Truman Capote’s Violets

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Snatching her hand, he pulled her along with him, and they ran until they reached a side street muffled and sweet with trees. As they leaned together, panting, he put into her hand a bunch of violets, and she knew, quite as though she’d seen it done, that they were stolen. Summer that is shade and moss traced itself in the veins of the violet leaves, and she crushed their coolness against her check. (p.81)

I have recently written about violets, and violets that have poignant reason for being in the book, and this little violet moment in Truman Capote’s Summer Crossing is a reminder that I have missed an opportunity to slow the moment down, and bring attention to what is going on in the minds of characters – I think I might now go back to it and go a little deeper.

Up until these sentences quoted below from the book, there has been mostly action and words that move the story on, and then suddenly there are these descriptive sentences, waxing and waning and slowing down, and you just know that there is something coming, a point in the book in which everything changes, and sure enough it does. With one short sentence (that I haven’t copied here) the lives of the characters change, and without all this slowing down and going deeper that comes just prior, I think the reader would feel like it had all come way too suddenly. As it is, it’s a lovely sliding into the moment, the reader eases into it, and then, there it is, the moment we waited for. ‘…heat’s stale breath yawned in their faces…’ too good.

It was wilting out on Lexington Avenue, and especially so since they’d just left an air-conditioned theatre; with every step heat’s stale breath yawned in their faces. Starless nightfall closed down like a coffin lid, and the avenue, with its newsstands of disaster and flickering, fly buzz sounds of neon, seemed an elongated, stagnant corpse.

A roar from underground echoed through her, for she was standing on top of a subway grating: deep in the hollows below she could hear a screeching of iron wheels, and then, nearer by, there came a fiercer noise: car horns clashed, fenders bumped, tires careened! And she whirled around to see a driver cursing Clyde, who was jayhopping across the street as fast as his legs would go. (p.80)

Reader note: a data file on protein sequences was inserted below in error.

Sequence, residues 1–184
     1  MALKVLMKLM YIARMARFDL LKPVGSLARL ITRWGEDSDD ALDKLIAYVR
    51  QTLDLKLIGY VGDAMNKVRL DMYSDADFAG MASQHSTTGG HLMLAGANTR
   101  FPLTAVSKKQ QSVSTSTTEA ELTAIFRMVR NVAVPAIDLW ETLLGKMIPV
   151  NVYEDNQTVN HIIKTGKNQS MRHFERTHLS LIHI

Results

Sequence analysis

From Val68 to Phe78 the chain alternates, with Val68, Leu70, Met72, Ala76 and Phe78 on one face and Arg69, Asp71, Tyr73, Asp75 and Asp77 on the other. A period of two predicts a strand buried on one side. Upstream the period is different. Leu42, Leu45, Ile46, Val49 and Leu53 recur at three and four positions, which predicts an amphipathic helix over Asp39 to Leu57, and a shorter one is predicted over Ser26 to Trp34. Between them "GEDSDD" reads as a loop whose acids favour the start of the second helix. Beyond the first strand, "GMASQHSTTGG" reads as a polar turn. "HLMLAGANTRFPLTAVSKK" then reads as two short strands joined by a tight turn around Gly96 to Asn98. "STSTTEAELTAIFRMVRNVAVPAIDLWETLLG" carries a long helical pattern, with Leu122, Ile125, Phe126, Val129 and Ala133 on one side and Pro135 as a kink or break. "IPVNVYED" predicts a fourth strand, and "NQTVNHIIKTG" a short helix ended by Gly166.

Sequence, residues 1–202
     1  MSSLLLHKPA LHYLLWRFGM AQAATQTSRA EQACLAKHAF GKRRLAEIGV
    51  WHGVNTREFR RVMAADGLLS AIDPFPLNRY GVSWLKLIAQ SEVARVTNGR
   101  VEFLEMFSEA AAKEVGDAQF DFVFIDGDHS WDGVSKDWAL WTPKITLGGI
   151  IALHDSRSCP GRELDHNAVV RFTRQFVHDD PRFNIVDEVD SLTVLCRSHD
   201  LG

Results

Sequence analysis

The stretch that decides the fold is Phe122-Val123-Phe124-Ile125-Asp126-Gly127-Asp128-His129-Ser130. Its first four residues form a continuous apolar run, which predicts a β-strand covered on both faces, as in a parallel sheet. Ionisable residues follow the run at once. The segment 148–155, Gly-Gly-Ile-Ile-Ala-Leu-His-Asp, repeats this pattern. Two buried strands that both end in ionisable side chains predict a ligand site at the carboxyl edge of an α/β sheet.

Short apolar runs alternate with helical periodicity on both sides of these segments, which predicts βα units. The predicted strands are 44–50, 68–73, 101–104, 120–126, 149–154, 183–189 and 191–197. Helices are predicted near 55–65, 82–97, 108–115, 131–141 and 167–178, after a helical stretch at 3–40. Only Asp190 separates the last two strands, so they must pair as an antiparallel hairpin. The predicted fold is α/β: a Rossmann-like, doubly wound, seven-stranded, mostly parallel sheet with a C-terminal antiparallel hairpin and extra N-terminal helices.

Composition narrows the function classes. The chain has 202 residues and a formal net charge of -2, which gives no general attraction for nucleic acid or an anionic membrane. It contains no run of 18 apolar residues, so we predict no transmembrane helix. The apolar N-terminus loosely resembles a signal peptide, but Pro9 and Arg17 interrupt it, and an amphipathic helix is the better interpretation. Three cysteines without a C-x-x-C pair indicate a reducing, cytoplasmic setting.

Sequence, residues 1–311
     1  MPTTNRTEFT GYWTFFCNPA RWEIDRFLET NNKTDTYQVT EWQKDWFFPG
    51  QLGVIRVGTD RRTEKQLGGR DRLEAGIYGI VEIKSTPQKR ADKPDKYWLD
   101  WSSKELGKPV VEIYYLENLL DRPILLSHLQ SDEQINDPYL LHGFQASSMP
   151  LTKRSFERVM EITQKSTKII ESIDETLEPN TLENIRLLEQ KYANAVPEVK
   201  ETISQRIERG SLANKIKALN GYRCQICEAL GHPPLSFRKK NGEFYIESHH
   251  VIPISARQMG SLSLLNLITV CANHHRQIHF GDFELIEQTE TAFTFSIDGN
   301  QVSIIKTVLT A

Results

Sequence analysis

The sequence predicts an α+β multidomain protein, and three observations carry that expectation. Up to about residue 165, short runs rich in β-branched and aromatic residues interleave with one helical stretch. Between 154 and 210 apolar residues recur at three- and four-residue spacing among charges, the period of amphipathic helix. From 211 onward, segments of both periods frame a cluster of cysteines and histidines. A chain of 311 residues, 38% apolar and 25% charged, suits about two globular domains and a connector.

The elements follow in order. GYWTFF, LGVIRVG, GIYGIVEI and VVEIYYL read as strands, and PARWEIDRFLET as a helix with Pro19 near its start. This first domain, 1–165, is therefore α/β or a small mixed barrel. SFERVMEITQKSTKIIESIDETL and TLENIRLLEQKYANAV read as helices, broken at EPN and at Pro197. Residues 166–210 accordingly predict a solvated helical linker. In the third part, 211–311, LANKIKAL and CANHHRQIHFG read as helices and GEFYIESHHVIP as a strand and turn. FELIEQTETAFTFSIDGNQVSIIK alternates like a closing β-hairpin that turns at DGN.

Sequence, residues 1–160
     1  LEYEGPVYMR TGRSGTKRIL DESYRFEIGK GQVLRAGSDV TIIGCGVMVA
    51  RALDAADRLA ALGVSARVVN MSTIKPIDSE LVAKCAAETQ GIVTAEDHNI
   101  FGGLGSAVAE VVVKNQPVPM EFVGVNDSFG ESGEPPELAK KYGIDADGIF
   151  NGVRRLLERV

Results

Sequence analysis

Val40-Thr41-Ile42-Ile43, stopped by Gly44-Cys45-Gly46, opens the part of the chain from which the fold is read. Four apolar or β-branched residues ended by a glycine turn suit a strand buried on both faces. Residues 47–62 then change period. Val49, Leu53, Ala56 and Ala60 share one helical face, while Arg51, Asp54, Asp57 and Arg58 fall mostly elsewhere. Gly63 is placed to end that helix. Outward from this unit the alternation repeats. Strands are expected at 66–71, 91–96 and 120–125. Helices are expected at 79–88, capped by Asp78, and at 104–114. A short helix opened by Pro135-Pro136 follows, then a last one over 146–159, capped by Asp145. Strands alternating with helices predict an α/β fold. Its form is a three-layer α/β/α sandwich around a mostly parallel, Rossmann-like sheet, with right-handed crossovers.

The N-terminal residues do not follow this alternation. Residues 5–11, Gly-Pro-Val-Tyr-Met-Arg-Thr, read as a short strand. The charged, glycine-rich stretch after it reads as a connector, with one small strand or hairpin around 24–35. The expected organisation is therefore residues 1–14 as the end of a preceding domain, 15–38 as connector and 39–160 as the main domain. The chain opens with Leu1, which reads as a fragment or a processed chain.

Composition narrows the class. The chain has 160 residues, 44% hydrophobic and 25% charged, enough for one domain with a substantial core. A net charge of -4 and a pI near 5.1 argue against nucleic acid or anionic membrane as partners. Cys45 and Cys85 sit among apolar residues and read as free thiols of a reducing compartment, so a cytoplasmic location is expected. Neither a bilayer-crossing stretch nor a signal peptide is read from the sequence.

Passages of Writing: At Swim-two-birds by Flann O’brien.

Book: At Swim-two-birds, Flann O’brien. First pub. 1939. This ed.Penguin Modern Classics 2001.

Why:  This is one of my all time favourite books, as with all books it’s not to everyone’s taste. I’m reading it for the second time as I always promised myself I would.

It’s the pacing and rhythm, the unique details in aid of the ‘show don’t tell’ rule, the many stories in one  (meta-fictional aspect) and as the book goes on the bizare happenings like the characters of a story who revolt against the author, that get me.

Three fifties of fosterlings could engage with handball against the wideness of his backside, which was large enough to halt the march of men through a mountain pass.

p9

I know the studying you do in your bedroom, said my uncle. Damn the studying you do in your bedroom.

I denied this.

Nature of denial: Inarticulate, of gesture.

p11

I closed my eyes, hurting slightly my right stye, and retired into the kingdom of my mind. For a time there was complete darkness and an absence of movement on the part of the cerebral mechanism.

13

There was nothing unusual in the appearance of Mr. John Furriskey but actually he had one distinction that is rarely encountered – he was born at the age of twenty-five and entered the world with a memory but without a personal experience to account for it. His teeth were well-formed but stained by tobacco, with two molars filled and a cavity threatened in the left canine.

p9

Passages of Writing: Point Counter Point by Aldous Huxley

Book:  Point Counter Point, Aldous Huxley. First pub: Penguin 1928. This edition: Penguin 1974.

Why: I love the juxtaposition and banter of the two conversations at once, both ignoring the other. It’s how I plan to get my teenage children to their next immunizations. And, I hope to manage a similar interaction in my own book.

His terror, his anxious impatience became almost hysterical.

‘No. I can’t, I really can’t,’ he protested when Spandrell had told him that he must spend the evening at Tantamount House.

‘All the same,’ said the other, ‘you’re damned well going to,’ and he headed the car into the mall. ‘I’ll drop you at the door.’

‘No, really!’

‘And if necessary kick you in.’

‘But I couldn’t stand being there, I couldn’t stand it.’

‘This is an extremely nice car,’ said Spandrell pointedly changing the subject. ‘Delightful to drive.’

‘I couldn’t stand it,’ Illidge whimperingly repeated.

‘I believe the makers guarantee a hundred miles an hour on the track.’

They turned up past St James’s Palace into Pall Mall.

‘Here you are,’ said Spandrell, drawing up at the Kerb. Obediently, Illidge got out…

P397

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